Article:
i've always wondered if gut strings on a piezo electric bass would sound good..
  4. SamanthaCay


    Nov 16, 2008
    Denver, CO.
    This is a good place to start;

    I've put some thought into this in the past yet have yet to do anything in regards to making strings mostly due to the cost and space required to get started.
    The big factor is building a string winder, it's big expensive even in a rather primitive form and you can't make musical strings without it period.
    Dan Bass likes this.
  5. mmbongo

    mmbongo Chicken Pot Pie. My three favorite things!! Supporting Member

    Sounds a lot easier than spending the $10 for a brand new set of strings :)
  6. What makes you say that? The first metal guitar strings were wound by hand, no?

    And +1 on the piezo.
    That's also a DIY project you can do! Under-bridge piezo w/ a buffer!
  7. SamanthaCay


    Nov 16, 2008
    Denver, CO.
    Early "guitar" steel strings where wound on manual (non electric) winding machines just as wound strings of other materials had been made for hundreds of years before.

    However there probably were at some point piano strings wound by hand without the aid of a winder, it is something that wouldn't work on a fretted instrument due to the inconsistencies in the winding process making for an un intonatable string.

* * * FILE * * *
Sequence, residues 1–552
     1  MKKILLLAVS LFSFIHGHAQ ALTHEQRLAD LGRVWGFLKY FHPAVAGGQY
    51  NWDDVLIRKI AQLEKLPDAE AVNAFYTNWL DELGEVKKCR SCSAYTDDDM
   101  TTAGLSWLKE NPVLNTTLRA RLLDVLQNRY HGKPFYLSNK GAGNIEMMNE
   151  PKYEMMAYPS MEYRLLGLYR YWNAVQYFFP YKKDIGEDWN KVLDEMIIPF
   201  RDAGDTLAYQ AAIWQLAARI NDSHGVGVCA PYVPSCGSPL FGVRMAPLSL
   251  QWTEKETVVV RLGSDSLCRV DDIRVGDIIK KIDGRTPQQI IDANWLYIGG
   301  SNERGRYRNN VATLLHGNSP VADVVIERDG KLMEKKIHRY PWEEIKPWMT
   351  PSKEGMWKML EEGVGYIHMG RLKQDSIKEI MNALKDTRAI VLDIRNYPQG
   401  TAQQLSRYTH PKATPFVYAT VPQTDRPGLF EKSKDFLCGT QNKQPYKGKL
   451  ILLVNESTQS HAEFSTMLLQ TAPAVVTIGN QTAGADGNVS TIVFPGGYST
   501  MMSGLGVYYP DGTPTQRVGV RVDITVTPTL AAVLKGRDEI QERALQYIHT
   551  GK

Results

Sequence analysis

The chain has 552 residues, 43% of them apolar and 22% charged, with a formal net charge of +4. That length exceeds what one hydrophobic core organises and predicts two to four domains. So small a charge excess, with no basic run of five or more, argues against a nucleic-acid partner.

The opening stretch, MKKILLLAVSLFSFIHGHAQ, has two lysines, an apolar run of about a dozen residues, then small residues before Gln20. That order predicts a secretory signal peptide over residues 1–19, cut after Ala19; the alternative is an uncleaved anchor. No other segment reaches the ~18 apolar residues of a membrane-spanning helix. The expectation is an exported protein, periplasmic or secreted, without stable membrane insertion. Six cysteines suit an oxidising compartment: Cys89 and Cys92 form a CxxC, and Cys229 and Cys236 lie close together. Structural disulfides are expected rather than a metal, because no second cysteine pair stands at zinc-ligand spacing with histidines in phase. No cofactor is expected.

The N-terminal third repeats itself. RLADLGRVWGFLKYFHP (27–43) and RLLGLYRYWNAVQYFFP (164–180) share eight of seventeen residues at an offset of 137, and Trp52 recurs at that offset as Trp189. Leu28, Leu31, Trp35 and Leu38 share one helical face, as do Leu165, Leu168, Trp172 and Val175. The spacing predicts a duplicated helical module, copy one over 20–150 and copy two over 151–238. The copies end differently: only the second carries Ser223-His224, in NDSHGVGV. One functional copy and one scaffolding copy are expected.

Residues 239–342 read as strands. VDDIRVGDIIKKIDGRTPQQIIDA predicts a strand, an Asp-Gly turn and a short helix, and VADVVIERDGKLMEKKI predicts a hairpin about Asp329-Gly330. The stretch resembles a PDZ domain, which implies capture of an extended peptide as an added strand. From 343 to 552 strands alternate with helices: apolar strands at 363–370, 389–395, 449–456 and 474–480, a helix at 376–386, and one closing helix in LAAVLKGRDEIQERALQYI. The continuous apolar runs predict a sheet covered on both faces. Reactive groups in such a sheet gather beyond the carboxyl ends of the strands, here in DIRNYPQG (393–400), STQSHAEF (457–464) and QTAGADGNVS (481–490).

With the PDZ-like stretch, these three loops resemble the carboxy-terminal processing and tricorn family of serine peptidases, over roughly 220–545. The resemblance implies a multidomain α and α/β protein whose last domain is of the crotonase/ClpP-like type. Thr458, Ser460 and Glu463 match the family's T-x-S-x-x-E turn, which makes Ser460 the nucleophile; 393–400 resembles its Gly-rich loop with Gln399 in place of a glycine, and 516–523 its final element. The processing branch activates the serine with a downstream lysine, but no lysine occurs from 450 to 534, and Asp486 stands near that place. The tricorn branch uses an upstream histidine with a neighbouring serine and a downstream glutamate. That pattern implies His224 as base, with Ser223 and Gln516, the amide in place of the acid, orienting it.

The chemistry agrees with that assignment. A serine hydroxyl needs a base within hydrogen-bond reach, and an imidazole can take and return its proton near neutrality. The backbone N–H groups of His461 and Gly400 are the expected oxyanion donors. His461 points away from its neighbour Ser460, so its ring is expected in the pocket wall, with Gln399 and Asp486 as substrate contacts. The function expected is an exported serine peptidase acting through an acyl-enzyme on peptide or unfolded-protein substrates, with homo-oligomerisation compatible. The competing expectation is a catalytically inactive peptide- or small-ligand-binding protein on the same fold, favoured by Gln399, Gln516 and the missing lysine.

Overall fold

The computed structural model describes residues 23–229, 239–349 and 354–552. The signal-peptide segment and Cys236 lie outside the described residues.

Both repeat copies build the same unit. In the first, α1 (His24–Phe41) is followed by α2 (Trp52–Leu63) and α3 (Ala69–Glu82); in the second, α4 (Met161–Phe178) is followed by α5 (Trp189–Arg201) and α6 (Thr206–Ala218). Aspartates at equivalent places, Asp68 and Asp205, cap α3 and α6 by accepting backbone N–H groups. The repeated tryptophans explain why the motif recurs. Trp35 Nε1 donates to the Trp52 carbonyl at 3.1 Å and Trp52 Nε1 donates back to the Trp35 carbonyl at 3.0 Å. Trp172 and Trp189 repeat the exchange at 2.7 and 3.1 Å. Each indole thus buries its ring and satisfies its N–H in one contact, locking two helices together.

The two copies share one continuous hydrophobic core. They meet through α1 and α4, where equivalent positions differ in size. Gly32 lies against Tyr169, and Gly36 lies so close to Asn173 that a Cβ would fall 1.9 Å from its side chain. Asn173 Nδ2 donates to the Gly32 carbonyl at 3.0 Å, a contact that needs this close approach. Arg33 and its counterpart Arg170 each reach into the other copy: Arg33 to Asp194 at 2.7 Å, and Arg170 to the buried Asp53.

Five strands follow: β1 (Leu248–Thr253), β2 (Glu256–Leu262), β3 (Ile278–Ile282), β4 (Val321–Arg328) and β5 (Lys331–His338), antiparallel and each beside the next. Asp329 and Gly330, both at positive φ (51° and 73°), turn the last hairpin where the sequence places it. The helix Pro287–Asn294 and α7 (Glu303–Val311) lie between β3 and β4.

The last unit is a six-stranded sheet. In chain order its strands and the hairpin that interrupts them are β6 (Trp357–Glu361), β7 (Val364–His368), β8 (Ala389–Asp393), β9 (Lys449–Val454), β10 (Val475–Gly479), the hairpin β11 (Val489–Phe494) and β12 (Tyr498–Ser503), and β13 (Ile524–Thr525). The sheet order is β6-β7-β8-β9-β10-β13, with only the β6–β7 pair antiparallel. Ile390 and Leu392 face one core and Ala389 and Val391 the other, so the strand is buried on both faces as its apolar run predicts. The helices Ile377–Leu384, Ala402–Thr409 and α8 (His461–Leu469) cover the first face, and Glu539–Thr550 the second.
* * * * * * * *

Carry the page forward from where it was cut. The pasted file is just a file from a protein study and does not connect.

Edit; In short, winding even the most basic quality string for the pupose of use with fretted or even fretless instruments is a very precise and delicate process.
  8. Cheapest set I can find is $13.62! Too rich for my blood! :D
  9. pfox14


    Dec 22, 2013
    Sounds like an awful lot of work to save $13, but whatever blows your skirt up.
  10. SamanthaCay


    Nov 16, 2008
    Denver, CO.
    Some of us want strings that just arn't being made.

    At least I do, anyways.
  11. Wow, thanks for the responses! Ok, so, I figured there wouldn't be a way to fix the tuning issues. As for the wire, I didn't know aluminum was copperish under the surface. Plus, I know that copper isn't ferrous, hence why I wound it on a steel core. Now, I had a feeling bass strings used multiple wraps, but I don't have the materials. And as for those of you complaining that $10-15 is too expensive, try $25-35 a set. I love the crisp fresh sound of new strings, hence why I switched to prosteels, then hibeams, but the cost forces my changes down to once, maybe twice a year. And I have been saving old strings just in case I need to get by. I might look at getting a job this weekend, though, so I'll have some more cash to try, say, those Reds (the copper-coated strings).
  12. Oh I know, I spent $25.50 on my current set (although I've had it on for a year and a half) I was being facetious.
  13. LMAO :D
  14. mmbongo

    mmbongo Chicken Pot Pie. My three favorite things!! Supporting Member

  15. SLaPiNFuNK

    SLaPiNFuNK Commercial User

    Jul 28, 2006
    LA California
    Owner: BassStringsOnline.com
  16. Circle K? :bag:
  17. Yep ;)
  18. mmbongo

    mmbongo Chicken Pot Pie. My three favorite things!! Supporting Member

    That's why Bass Strings Online RULES :)